Kochi Prefecture 高知県


Kochi Prefecture

Location: Kochi City, Kochi
Duration:2 days

Impressions of the Trip:

Kochi is a tiny prefecture on the smallest of Japan’s main islands, Shikoku. It is one of Japan’s more remote and hard to get to prefectures. Locals say this remoteness has allowed Kochi to preserve its culture, which has matured, not dissipated, over time. Home to Ryouma Sakumoto, a famous samurai, the place is imbued with a laid-back, but slightly wild atmosphere. Kochi boasts more bars than any other prefecture, a fact that struck me as odd at first given how sparsely populated it is. Neverthess, shortly after arriving, I was invited to join a party of perfect strangers who were drinking sake and telling stories. This happened again with a different group of strangers the following night, leading me to realize that Kochi residents enjoy one another’s company, and use food and drink as a way to get to know one another and stay up to date on local gossip.  Kochi leads the nation in the production of yuzu (a Japanese citrus fruit), ginger, and eggplants. Thanks to its mild climate, the area not only has a thriving citrus industry, it is also known throughout Japan for its surfing, hiking, and as an outdoor sports paradise. Every single meeting I went to in Kochi was with someone who had left the Tokyo area in favor of better work-life balance and a more leisurely and light-hearted approach to life.

That said, Kochi takes its major industry, agriculture, seriously. With the recent yuzu boom overseas, prefectural authorities and businesses have their sights set on marketing yuzu abroad,  especially to upscale French restaurants that can’t get enough of the stuff. Kochi is on the cutting-edge of greenhouse technology development, and in recent years the prefecture has exported its designs and techniques to maximize the efficient use of land to other prefectures focused on citrus and berries.
Kochi has a “sister state” relationship with the entire nation of the Netherlands, modeling farm technology and efficiency after greenhouse technology there. The average farm is Kochi is only .3 hectares in size, yet vertical farming techniques and advanced technology can produce as much as the average Dutch farm, which is 3 hectares, or 10 times the size. Japan leads industrialized countries in pesticide use, but Kochi has led a movement to reduce the use of chemicals in agricultural production  and has become a well-known destination for farmers practicing natural cultivation.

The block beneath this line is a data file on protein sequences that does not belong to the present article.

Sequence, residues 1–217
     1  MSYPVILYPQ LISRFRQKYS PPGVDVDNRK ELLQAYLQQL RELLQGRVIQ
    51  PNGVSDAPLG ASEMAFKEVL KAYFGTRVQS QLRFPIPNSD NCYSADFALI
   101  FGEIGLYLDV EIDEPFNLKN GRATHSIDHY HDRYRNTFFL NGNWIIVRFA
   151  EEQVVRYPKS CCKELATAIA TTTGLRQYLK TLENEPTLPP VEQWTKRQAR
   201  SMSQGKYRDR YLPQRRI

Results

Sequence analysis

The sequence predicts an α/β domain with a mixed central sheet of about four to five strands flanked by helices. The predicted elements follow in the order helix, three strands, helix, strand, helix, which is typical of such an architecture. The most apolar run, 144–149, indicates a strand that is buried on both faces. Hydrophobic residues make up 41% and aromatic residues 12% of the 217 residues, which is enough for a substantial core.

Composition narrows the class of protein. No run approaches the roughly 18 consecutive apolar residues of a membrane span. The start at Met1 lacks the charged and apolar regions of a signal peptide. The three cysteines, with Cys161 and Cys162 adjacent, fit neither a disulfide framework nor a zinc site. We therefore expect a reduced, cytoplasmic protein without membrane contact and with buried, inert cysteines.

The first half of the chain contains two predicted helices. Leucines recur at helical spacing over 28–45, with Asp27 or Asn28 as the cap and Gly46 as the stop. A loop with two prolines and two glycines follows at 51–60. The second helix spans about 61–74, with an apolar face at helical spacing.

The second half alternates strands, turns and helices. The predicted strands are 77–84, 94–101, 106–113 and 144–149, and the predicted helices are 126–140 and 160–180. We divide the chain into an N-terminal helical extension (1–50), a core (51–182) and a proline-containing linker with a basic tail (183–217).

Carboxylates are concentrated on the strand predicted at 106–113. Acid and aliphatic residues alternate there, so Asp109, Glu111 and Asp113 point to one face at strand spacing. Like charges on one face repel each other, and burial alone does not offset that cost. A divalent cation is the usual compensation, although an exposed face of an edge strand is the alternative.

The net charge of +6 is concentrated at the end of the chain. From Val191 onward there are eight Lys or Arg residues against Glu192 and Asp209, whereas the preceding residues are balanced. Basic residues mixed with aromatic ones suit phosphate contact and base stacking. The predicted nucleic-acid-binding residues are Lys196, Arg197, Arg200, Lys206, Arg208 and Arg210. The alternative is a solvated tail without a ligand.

A highlight of my journey through Kochi was motivated by this small, but thriving natural farming community. Akinori Kimura, the 80+ year old organic farmer, cult figure, and author of “Miracle Apples”, was giving talk at a local kindergarten in Kochi. Decades ago, Kimura dedicated his life to growing pesticide-free apples, something no one thought was possible. After failing countless times, blowing his life savings, and alienating himself from his community and family, Kimura was ready to kill himself. Amazingly, he had a revelation on the night he planned to hang himself that changed everything. With new resolve, he transformed his bug-ridden orchard into a thriving operation, all without any chemicals. His success story spread, first within Japan, then to the rest of the world. Despite being featured in magazines and television shows around the world, he still travels Japan spreading the gospel of natural cultivation to farming communities all over rural Japan.

I startled both Kimura and the 300 people who came to his lecture when I walked into the gymnasium. If being a foreigner in Tokyo can make one feel conspicuous, being a foreigner in the most rural nook of rural Japan can be downright awkward. I was asked to introduce myself to the entire audience before finding a place to sit on the gym floor. Kimura’s lecture made a great case for organic farming. Without giving too much away, I will mention that Yoko Ono (yep, that one) was so moved by Kimura’s book that she had it translated into English and put it on her website. It is a fantastic, quick read. It is available for free at this website:


園芸-horticulture. Kochi is focusing its efforts on greenhouse technology in order to increase the efficiency of its small fruit farms. According to prefectural authorities, Kochi is where much of Japan’s greenhouse technology was invented. This small, but mighty prefecture seems to be leading the charge not just in greenhouse cultivation techniques, but also in encouraging the rest of Japan to take a more eco-friendly, efficient approach to agriculture.

This entry was posted in citrus, government and agriculture, innovative agriculture, Kochi Prefecture, luxury fruit, organic produce, Shikoku, yuzu and tagged , , , , , , , , . Bookmark the permalink.

One Response to Kochi Prefecture 高知県

  1. eclectic24 says:

    Sounds like a great place to live in . For escapees from Tokyo and other urban centers , the sense of community that Kochi provides must be a powerful magnet. It was inspiring to read about Kimura-san . A very well written post.

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